DISC Model Background
Wondering why people do what they do, is as old as humanity and is based on the observation of behavior. The answers to this question have evolved and have gone through different stages.
Empedocles. 444 B.C.
He was the founder of the school of medicine in Sicily. He argued that all came from four roots or elements: earth, air, fire and water. The combination of these four elements was an infinite number of forms. These, influenced by two natural forces, love and hate, formed human behavior.
Hippocrates 400 B.C.
He was the observer of people by excellence. He realized the effect of weather and terrain on the individual. He defined four types of environment to which assigned a behavior and an appearance for every environment, even suggested what people will conquer others in battle based on the environmental conditions in which they were raised. He Believed the atmosphere and terrain affect the behavior and appearance. Hippocrates advanced in his theories and the next thing he did was identify four temperaments (sanguine, melancholic, choleric and phlegmatic) who partnered with four bodily fluids (blood, black bile, bile and mucous).
Galen 130 B.C.
He lived in Rome and also spoke of the impact of fluids on the behavior and temperament. The explanation of the temperaments was that if you have a cold and fast fluid you are directive, dominant and decisive and like to lead people. If you have a fast fluid type, warm or hot, your mouth will have the need to express and talk all the time. if you have a fluid that is mild and slow, you are family oriented, stable and relational. If you have a slow and cold fluid you are a thinker, a meticulous perfectionist, one who wants accurate in detail.
Carl Gustav Jung 1875-1921 D.C.
Carl Gustav Jung was born in Switzerland. He was a psychiatrist, psychologist and essayist, a key figure in the initial stage of psychoanalysis, later, founder of the school of analytical psychology, also called complex psychology of Depth Psychology. He developed the “psychological types”.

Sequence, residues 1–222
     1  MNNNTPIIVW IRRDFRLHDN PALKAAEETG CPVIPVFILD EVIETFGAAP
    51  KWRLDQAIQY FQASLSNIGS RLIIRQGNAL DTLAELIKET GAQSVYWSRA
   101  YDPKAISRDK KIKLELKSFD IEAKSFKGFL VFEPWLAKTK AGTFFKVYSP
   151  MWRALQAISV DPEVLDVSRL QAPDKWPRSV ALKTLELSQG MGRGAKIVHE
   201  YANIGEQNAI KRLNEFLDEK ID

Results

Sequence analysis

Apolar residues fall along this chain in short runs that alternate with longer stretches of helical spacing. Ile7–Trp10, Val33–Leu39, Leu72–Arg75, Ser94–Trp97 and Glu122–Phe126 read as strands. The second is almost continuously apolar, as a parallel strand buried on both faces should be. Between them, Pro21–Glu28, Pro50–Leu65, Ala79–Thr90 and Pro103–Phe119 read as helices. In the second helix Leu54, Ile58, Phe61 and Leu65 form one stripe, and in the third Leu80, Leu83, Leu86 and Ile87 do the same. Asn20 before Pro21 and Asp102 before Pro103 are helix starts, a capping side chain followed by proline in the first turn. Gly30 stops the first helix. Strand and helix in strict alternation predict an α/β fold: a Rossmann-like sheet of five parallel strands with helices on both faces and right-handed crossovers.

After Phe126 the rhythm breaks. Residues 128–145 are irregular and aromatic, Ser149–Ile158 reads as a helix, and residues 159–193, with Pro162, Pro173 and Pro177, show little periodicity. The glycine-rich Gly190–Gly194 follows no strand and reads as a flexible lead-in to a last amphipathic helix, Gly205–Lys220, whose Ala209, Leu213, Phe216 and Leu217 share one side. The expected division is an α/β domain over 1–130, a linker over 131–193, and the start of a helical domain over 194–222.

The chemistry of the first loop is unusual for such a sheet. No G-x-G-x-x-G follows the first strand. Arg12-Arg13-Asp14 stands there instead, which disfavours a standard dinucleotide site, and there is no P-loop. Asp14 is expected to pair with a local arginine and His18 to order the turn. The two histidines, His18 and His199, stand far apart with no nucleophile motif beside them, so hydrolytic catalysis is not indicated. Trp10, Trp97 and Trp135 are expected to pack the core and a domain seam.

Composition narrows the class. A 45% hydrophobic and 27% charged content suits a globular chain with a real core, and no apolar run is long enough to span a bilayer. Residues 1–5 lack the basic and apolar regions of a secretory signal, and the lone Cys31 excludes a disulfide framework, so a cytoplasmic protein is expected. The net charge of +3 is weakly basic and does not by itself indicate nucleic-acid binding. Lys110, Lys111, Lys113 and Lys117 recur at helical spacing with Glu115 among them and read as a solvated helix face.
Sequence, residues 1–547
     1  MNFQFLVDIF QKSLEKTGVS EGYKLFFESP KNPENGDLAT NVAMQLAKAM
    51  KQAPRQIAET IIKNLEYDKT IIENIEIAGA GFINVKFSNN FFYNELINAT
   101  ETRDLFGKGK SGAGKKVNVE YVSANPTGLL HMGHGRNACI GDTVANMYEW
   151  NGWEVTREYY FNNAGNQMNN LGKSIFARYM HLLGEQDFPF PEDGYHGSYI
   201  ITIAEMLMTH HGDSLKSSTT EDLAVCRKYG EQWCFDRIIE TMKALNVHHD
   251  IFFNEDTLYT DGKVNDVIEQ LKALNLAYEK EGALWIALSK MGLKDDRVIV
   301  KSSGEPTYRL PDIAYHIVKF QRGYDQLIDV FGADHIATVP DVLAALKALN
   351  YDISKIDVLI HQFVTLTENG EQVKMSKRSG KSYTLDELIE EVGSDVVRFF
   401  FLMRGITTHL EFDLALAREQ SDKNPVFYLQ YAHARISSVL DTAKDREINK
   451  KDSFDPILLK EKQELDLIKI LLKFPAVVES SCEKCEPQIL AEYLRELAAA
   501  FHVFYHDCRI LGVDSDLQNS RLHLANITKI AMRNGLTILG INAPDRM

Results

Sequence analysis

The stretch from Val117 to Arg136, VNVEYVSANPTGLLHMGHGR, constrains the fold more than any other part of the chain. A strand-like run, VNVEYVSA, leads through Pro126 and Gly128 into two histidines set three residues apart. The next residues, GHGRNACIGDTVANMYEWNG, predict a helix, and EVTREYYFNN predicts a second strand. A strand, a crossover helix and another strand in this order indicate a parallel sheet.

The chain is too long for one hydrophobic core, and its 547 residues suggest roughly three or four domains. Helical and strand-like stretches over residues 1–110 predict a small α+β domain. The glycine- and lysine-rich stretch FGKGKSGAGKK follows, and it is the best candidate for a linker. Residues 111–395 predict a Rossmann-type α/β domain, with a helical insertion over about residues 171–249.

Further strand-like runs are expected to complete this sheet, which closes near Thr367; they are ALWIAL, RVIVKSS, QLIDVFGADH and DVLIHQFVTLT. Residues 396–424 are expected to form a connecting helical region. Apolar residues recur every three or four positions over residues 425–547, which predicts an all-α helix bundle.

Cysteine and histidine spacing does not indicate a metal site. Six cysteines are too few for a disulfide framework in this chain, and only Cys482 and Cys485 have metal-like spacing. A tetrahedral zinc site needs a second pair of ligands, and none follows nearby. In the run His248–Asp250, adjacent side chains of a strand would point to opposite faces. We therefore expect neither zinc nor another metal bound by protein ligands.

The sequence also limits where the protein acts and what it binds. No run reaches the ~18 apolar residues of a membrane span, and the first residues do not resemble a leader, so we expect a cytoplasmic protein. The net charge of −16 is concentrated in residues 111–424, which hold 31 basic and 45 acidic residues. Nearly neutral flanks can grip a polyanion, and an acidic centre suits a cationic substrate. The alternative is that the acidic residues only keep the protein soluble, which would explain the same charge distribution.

William Moulton Marston 1893 – 1947 A.C.
Marston was born in the Cliftondale, Massachusetts. Marston was educated at Harvard University, graduating Phi Beta Kappa and receiving his B.A. in 1915, an LL.B. in 1918, and a PhD in Psychology in 1921. After teaching at American University in Washington, D.C., and Tufts University in Medford, Massachusetts, Marston traveled to Universal Studios in California in 1929, where he spent a year as Director of Public Services.
The psychologist and the inventor
Marston is credited as the creator of the systolic blood pressure test, used in an attempt to detect deception, which became one of the components of the modern lie detector. From his psychological work, Marston became convinced that women were more honest than men in certain situations and could work faster and more accurately. During his lifetime Marston championed the latent abilities and causes of the women of his day.
The DISC theoretical model
William Moulton Marston fixed his psychological interest in “normal” or typical people. He was interested in the daily challenges of ordinary people. He was not interested in psychotic behavior or mental illness in general. Marston wanted to develop a unit of measurement of ‘mental energy’. The DISC was in part the result of his research about measuring the energy of behavior and consciousness. Although his intention in developing the DISC Theory was to demonstrate his views about human motivation.
In 1928 Marston published “Emotions of Normal People”, and although he had written about DISC four years earlier, it was in this book that he formally presented the DISC theory. In 1931 Marston published a second book about the theory, “Integrative Psychology”.
The DISC Theory was one of the first attempts to apply psychology to ordinary people, outside of a purely clinical enviroment.